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 Table of Contents  
ORIGINAL HYPOTHESES
Year : 2012  |  Volume : 3  |  Issue : 2  |  Page : 76-78

Antibiotic prophylaxis in infective endocarditis: Use or abuse?


Department of Dental Health Services, Deen Dayal Upadhaya Hospital, Shimla, Himachal Pradesh, India

Date of Web Publication3-Sep-2012

Correspondence Address:
Nisha Thakur
Room No-30, Dental OPD, Deen Dayal Upadhaya Hospital, Shimla, Himachal Pradesh
India
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Source of Support: None, Conflict of Interest: None


DOI: 10.4103/2155-8213.100393

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  Abstract 

Introduction: The American Heart Association (AHA) recommendations for antimicrobial prophylaxis for infective endocarditis (IE) are controversial. According to the new guidelines released by the AHA now, the only patients to receive antibiotics will be those at highest risk, i.e. those with a prosthetic heart valve, a history of endocarditis, certain forms of congenital heart disease or valvulopathy after heart transplantation, and only before certain dental procedures. Unfortunately, these guidelines are still based largely on expert opinion, with very little hard evidence to show that antibiotic therapy actually prevents IE. The Hypothesis: The reported incidence of bacteremia during dental intervention ranges from 10% to 100% and, with daily brushing and flossing, from 20% to 68%. Because bacteremia also occurs during brushing and flossing of teeth, why give prophylaxis just for dental procedures? Moreover, the risks of causing adverse or anaphylactic reactions from antibiotics as well as contributing to the nationwide antibiotic resistance problem are issues not to be taken lightly. Evaluation of the Hypothesis: The hypothesis discusses the AHA recommendations for antimicrobial prophylaxis for IE, indicating some inherent limitations associated with it, and stresses upon the fact that these recommendation should also be updated, if not completely changed, to cope up with the advancements in the proper treatment plan.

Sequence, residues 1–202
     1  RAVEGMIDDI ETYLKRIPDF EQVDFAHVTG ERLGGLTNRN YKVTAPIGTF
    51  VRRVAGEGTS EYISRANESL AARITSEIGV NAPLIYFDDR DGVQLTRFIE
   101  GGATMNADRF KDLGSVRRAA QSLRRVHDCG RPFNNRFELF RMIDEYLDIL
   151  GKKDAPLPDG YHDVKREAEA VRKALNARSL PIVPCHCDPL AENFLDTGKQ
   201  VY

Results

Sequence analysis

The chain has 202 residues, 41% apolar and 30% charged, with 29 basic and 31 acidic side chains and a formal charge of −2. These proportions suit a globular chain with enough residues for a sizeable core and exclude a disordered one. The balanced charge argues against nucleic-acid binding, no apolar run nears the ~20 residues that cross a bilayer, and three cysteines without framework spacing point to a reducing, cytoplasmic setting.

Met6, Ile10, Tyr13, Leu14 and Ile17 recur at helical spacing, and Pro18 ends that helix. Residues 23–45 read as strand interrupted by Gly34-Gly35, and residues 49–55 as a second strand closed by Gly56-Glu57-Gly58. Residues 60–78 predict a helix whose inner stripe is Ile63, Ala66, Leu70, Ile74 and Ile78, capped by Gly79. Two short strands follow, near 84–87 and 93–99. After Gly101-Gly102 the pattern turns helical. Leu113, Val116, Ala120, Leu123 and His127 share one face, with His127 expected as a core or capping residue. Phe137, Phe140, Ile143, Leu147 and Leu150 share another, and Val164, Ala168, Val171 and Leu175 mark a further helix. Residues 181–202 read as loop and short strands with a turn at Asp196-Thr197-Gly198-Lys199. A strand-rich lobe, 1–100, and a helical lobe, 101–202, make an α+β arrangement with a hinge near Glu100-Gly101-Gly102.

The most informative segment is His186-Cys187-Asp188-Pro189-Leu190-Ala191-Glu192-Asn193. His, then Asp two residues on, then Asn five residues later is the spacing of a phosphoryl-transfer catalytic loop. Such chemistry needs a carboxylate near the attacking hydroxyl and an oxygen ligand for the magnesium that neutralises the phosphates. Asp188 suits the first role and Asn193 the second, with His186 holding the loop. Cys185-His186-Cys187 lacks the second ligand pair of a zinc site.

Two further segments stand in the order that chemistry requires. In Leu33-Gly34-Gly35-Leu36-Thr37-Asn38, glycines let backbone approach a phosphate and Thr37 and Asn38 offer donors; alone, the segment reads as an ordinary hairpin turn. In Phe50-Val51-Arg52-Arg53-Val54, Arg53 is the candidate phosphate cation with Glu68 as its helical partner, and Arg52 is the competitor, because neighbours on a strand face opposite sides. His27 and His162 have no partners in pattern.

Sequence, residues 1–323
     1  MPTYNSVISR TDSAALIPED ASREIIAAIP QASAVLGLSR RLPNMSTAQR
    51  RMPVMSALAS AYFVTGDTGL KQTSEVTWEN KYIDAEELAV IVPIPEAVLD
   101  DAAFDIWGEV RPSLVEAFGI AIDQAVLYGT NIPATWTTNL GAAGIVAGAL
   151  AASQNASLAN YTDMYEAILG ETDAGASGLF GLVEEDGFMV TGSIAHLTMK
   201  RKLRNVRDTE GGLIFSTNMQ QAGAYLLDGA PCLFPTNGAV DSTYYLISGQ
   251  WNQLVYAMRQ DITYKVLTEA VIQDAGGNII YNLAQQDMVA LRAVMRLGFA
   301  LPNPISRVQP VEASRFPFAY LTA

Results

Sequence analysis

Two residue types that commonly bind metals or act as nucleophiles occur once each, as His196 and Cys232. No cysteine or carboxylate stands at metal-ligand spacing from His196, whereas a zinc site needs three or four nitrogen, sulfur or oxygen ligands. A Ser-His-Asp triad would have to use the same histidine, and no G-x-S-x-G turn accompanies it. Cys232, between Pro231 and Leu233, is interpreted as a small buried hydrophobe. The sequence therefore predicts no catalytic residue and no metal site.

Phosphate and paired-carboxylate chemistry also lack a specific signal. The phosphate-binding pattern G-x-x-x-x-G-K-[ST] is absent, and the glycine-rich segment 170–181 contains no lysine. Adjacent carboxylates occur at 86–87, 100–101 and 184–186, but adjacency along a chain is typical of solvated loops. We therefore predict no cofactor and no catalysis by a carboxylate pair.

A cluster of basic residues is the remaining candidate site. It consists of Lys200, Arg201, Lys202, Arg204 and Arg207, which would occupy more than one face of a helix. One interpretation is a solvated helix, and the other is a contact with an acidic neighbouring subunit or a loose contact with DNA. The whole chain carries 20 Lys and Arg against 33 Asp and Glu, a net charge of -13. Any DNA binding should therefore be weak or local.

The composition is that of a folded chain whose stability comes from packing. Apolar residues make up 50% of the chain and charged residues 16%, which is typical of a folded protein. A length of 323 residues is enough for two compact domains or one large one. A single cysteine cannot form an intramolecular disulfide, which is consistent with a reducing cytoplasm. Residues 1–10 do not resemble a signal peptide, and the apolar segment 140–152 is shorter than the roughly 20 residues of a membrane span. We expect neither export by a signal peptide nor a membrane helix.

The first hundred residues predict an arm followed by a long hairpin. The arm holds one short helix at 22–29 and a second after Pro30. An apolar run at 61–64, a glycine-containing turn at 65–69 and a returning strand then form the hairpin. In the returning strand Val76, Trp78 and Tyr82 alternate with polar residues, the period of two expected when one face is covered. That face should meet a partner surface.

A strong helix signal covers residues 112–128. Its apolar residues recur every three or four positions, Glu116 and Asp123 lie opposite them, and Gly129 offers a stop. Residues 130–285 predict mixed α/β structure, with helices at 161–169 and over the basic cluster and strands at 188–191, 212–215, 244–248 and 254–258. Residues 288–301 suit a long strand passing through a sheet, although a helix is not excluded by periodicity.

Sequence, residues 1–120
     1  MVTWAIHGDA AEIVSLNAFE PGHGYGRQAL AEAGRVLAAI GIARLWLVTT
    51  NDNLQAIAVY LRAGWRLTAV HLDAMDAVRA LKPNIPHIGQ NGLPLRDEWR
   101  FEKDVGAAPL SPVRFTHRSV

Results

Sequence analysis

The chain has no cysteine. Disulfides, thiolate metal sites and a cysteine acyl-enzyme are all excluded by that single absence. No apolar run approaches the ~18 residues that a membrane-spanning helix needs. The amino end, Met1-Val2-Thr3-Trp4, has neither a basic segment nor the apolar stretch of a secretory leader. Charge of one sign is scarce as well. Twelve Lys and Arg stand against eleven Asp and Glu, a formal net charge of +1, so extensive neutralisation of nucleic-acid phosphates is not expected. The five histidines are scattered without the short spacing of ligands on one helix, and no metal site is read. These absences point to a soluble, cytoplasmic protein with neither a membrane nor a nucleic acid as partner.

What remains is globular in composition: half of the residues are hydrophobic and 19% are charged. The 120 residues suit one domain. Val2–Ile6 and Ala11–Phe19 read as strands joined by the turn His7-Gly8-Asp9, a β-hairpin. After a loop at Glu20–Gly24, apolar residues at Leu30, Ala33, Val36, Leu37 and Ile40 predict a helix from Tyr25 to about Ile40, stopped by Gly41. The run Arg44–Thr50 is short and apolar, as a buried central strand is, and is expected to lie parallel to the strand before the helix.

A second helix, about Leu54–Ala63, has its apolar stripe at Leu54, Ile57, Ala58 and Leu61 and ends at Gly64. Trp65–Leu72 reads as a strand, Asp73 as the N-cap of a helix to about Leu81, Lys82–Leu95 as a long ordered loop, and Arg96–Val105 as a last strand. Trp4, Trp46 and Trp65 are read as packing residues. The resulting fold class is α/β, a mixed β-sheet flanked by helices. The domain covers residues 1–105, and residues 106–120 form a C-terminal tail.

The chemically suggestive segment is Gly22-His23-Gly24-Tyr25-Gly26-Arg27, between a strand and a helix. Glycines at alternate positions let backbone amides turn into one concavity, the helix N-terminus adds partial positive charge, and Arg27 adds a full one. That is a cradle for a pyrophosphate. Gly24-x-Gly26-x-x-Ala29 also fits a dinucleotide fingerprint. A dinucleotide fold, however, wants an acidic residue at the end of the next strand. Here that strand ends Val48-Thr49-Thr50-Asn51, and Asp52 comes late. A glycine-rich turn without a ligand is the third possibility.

Keywords: Antibiotic, bacteremia, infective endocarditis, tooth brushing


How to cite this article:
Thakur N, Ghezta N. Antibiotic prophylaxis in infective endocarditis: Use or abuse?. Dent Hypotheses 2012;3:76-8

How to cite this URL:
Thakur N, Ghezta N. Antibiotic prophylaxis in infective endocarditis: Use or abuse?. Dent Hypotheses [serial online] 2012 [cited 2017 Mar 25];3:76-8. Available from: http://www.dentalhypotheses.com/text.asp?2012/3/2/76/100393


  Introduction Top


The American Heart Association (AHA) recommendations for antimicrobial prophylaxis for Infective Endocarditis (IE) are controversial. According to the new guidelines released by the AHA now, the only patients to receive antibiotics will be those at highest risk, i.e. those with a prosthetic heart valve, a history of endocarditis, certain forms of congenital heart disease or valvulopathy after heart transplantation, and only before certain dental procedures. Unfortunately, these guidelines are still based largely on expert opinion, with very little hard evidence to show that antibiotic therapy actually prevents IE [1] [Table 1].